under this CreativeCommons Licence.
The tiny hamlet of Black Callerton between
Newcastle and Darras Hall holds a rather
important place in the personal history of perhaps the greatest ever
north-easterner, George Stephenson. Not only does it feature in the earliest
years of the man’s illustrious career, but it also had quite a say in his
family life, too.
There is, I am pleased to say, a commemorative plaque to mark the story, which, if filled out a bit, runs something like this…
The famous engineer and ‘Father of the Railways’ was born in 1781 at Wylam, a few miles to the south-west of Black Callerton. Illiterate until the age of eighteen, the self-taught genius first worked at Newburn colliery, before becoming a brakesman at Black Callerton (which involved controlling the pit’s winding gear) in 1801.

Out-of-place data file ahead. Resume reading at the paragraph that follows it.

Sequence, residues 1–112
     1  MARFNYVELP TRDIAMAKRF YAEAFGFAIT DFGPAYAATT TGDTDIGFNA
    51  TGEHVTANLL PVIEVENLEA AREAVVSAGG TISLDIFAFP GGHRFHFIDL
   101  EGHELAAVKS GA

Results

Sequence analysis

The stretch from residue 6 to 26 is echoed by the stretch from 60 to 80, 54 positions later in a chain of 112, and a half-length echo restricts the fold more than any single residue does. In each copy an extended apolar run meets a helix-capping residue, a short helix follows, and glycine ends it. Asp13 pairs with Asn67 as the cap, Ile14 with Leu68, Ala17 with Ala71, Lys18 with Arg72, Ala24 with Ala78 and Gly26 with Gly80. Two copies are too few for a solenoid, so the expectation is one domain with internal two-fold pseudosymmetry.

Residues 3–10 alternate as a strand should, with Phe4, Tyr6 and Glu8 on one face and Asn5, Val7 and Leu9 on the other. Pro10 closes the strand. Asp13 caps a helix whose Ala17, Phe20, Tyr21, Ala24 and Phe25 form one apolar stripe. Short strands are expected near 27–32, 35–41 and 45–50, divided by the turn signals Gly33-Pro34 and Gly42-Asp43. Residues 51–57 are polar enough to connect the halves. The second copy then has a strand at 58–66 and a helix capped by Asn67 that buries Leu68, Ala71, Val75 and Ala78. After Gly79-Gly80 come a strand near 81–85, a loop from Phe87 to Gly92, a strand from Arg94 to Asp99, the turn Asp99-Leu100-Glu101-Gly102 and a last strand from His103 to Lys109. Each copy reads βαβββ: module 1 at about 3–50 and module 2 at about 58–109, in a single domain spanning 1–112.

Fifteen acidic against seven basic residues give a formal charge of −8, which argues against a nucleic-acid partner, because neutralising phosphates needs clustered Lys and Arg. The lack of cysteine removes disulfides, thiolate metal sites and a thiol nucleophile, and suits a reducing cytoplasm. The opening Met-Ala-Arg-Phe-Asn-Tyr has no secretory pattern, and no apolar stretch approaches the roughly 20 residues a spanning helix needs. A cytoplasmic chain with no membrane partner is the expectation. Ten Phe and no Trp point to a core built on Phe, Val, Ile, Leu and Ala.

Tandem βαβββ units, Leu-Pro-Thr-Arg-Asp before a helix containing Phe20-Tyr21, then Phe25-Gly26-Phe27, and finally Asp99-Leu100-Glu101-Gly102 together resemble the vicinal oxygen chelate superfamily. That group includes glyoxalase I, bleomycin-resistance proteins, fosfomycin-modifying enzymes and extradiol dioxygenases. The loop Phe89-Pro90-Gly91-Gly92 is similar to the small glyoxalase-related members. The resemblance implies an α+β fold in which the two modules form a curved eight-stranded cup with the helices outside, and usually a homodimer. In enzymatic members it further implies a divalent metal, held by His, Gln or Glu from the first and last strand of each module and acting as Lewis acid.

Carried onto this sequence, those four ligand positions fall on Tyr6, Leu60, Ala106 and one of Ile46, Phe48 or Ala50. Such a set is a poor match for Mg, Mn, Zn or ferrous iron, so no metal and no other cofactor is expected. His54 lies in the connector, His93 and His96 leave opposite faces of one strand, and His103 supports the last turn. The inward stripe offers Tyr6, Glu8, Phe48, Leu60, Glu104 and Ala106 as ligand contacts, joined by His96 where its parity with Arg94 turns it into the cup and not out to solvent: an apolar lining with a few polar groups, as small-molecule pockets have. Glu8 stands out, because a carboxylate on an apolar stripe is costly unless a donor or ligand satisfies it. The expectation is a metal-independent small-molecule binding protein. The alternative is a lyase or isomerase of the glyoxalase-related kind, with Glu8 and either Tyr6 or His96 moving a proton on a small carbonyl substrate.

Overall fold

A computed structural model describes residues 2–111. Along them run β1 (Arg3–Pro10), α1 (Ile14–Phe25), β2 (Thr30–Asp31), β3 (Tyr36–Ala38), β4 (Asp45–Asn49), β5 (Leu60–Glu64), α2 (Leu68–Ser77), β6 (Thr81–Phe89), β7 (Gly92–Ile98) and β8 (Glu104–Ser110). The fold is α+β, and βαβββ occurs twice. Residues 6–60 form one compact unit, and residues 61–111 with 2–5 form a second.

Rumour has it that whilst there he secretly courted a local farmer’s daughter called Betty Hindmarsh, whom he would meet in her orchard – and behind her parents’ back. All attempts to woo her failed, though – the girl’s father having none of it on account of our man’s lowly status. He thereafter made approaches to another local lass, Anne Henderson, before moving onto her sister, Fanny, who quickly became his wife. In 1802, the couple moved to Willington Quay, east of
Fanny died in 1806, leaving George with one surviving child, the famous Robert, born 1803. Whilst George built his career, young Robert was raised by a succession of neighbours and relatives. Eventually, though, George would marry again, and, strangely, the Black Callerton link would return to shape his life – for it was into the arms of his first love, Betty Hindmarsh, that the now hugely successful (and very wealthy) George would fall. They married (at Newburn) in 1820.
The marriage appears to have been a happy one, though they had no children. Betty took great care of her step-son, Robert, before her death in 1845. George still found time to marry for a third time shortly before his own death in 1848, but was buried alongside ‘Black Callerton Betty’ in